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Tracking the movement of the tropics 800 years into the past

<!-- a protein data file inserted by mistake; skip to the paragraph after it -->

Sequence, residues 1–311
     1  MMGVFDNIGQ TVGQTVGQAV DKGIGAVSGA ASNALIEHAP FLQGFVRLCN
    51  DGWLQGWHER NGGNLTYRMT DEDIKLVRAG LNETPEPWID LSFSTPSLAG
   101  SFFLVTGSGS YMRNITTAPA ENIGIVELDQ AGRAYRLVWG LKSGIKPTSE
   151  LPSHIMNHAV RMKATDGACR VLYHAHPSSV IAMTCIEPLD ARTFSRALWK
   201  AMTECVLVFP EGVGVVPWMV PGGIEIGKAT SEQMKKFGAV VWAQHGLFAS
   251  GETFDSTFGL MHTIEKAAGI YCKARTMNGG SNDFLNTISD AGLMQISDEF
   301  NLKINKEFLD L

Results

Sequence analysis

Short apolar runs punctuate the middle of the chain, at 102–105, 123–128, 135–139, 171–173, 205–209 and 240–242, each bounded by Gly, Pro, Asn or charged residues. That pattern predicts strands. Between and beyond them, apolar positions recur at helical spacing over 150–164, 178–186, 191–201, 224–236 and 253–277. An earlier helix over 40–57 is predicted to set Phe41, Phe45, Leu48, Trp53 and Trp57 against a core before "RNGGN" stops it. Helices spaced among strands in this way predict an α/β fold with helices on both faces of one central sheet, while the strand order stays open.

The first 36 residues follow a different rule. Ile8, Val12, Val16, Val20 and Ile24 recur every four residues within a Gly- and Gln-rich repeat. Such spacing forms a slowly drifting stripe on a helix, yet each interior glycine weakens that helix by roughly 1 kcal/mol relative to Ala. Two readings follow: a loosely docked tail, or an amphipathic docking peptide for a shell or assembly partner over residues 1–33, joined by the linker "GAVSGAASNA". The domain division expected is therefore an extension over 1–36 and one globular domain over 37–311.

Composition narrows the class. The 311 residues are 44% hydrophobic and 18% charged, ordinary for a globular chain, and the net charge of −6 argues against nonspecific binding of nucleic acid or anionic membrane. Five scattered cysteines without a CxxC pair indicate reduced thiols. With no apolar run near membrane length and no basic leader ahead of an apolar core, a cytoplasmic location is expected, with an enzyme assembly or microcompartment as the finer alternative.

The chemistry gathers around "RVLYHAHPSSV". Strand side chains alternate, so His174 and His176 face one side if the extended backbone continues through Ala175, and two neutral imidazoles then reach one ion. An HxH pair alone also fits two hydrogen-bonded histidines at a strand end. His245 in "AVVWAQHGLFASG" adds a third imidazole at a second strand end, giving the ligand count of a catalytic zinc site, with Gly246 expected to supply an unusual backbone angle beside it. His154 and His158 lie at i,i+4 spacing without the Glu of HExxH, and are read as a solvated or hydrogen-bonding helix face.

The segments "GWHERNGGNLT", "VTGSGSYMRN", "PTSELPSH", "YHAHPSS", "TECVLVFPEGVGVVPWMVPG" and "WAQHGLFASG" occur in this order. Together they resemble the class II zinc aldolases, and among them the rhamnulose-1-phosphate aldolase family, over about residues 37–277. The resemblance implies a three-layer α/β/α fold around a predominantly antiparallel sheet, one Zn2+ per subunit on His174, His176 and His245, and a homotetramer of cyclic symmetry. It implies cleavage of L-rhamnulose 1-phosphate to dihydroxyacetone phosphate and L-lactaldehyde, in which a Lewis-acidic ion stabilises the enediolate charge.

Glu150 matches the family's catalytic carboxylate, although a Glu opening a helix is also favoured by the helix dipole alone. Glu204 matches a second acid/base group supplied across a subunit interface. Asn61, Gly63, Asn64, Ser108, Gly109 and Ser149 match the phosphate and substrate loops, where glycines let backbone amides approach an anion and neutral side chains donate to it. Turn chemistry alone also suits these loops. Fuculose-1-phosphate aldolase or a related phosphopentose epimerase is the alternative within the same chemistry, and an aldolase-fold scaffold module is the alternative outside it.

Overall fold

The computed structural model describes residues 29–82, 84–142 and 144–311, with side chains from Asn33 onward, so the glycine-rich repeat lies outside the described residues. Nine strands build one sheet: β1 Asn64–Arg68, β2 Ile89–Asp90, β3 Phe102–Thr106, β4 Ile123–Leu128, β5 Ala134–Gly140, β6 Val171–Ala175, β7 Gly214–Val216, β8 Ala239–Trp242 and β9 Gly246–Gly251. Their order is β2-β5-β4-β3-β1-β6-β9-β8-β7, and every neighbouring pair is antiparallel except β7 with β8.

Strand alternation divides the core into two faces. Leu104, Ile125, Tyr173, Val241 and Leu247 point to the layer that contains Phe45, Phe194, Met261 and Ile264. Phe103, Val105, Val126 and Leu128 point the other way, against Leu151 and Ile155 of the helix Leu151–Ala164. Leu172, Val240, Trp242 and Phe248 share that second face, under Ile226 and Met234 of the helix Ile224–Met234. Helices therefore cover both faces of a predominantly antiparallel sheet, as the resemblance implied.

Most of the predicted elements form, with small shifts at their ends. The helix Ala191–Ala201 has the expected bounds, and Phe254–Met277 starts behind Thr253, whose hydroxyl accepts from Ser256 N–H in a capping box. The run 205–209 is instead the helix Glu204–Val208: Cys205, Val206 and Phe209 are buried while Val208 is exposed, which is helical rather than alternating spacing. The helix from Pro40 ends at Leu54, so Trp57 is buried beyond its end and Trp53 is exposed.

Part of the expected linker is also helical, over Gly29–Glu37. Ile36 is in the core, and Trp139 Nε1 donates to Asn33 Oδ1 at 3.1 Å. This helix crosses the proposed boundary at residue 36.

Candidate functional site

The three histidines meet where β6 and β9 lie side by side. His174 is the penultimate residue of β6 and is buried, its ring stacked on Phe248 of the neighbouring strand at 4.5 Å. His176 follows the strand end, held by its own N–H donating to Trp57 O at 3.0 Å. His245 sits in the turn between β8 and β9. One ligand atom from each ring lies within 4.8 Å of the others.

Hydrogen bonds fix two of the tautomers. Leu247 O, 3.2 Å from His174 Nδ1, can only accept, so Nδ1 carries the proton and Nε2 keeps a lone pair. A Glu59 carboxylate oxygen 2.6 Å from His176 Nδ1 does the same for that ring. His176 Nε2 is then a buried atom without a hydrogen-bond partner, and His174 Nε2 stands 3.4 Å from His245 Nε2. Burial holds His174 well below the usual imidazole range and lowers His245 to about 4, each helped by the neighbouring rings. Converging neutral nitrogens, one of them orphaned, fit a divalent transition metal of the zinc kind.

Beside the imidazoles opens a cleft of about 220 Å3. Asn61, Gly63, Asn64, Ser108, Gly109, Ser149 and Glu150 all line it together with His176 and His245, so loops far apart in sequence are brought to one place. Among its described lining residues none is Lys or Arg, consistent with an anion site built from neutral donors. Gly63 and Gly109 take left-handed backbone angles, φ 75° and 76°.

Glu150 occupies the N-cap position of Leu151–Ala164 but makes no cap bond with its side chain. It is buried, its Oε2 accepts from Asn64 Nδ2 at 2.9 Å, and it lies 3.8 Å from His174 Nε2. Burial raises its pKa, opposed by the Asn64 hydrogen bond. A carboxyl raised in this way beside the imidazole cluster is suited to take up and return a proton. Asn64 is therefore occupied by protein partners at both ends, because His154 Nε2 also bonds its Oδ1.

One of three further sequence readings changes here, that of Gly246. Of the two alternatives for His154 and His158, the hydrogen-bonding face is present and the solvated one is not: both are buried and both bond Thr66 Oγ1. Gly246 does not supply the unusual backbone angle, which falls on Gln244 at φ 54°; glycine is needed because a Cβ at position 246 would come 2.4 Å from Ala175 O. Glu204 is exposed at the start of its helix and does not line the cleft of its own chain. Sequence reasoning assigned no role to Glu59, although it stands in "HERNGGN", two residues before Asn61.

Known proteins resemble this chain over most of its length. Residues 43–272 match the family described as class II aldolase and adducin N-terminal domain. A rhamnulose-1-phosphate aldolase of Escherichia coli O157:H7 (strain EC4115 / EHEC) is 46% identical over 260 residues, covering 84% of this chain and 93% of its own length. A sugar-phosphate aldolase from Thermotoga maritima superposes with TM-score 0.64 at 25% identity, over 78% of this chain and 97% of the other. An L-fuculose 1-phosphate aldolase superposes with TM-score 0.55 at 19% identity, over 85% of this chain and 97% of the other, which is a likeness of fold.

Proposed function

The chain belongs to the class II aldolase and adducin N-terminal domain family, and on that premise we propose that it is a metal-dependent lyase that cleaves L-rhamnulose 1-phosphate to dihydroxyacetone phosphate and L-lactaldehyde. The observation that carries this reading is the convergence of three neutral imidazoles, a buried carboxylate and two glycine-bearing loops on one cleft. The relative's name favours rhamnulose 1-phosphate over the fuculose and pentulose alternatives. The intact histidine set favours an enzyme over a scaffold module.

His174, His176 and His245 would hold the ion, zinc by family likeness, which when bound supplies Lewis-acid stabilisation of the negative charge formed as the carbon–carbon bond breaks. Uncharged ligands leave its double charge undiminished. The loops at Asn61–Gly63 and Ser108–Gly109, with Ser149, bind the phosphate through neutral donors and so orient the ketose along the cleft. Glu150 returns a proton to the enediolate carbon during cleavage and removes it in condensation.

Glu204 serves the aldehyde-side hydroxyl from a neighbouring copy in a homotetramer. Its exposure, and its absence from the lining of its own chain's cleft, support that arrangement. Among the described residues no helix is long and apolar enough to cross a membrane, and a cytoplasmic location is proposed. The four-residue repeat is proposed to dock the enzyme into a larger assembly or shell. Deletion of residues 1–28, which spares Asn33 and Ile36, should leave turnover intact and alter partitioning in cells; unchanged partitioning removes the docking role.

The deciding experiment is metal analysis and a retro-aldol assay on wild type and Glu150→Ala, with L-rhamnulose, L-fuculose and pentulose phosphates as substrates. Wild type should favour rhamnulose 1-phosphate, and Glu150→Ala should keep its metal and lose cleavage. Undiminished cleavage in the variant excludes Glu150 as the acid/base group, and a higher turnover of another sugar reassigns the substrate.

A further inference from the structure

For the first time, scientists have traced the north-south shifts of the northern-most edge of the tropics back 800 years, reports an international team of researchers. The movement of the tropical boundary affects the locations of Northern Hemisphere deserts including the Sonoran, Mohave and Saharan. Those deserts sit just north of the tropical belt, which includes the subtropics. Before now, scientists had information about the location of the tropical belt going back to around 1930, when reliable instrumental record-keeping began. On a standard map, the tropical belt spans roughly 30 degrees north latitude to 30 degrees south latitude. However, the new research reveals that from the year 1203 to the year 2003, the northern edge of the tropics fluctuated up to 4 degrees north and south of the northern 30th parallel. From 1568 to 1634, the tropics expanded to the north, the team found. That time period coincides with severe droughts and other disruptions of human societies, including the collapse of the Ottoman Empire in Turkey, the end of the Ming Dynasty in China and near abandonment of the Jamestown Colony in Virginia. To track the northern boundary of the Earth's tropical belt from 1203 to 2003, the team used the annual rings of trees from five different locations throughout the Northern Hemisphere. Researchers can figure out annual precipitation years into the past because each annual growth ring of a tree reflects the climate that year. Having an 800-year history also allowed the researchers to connect rare events such as huge volcanic eruptions with subsequent changes in climate.

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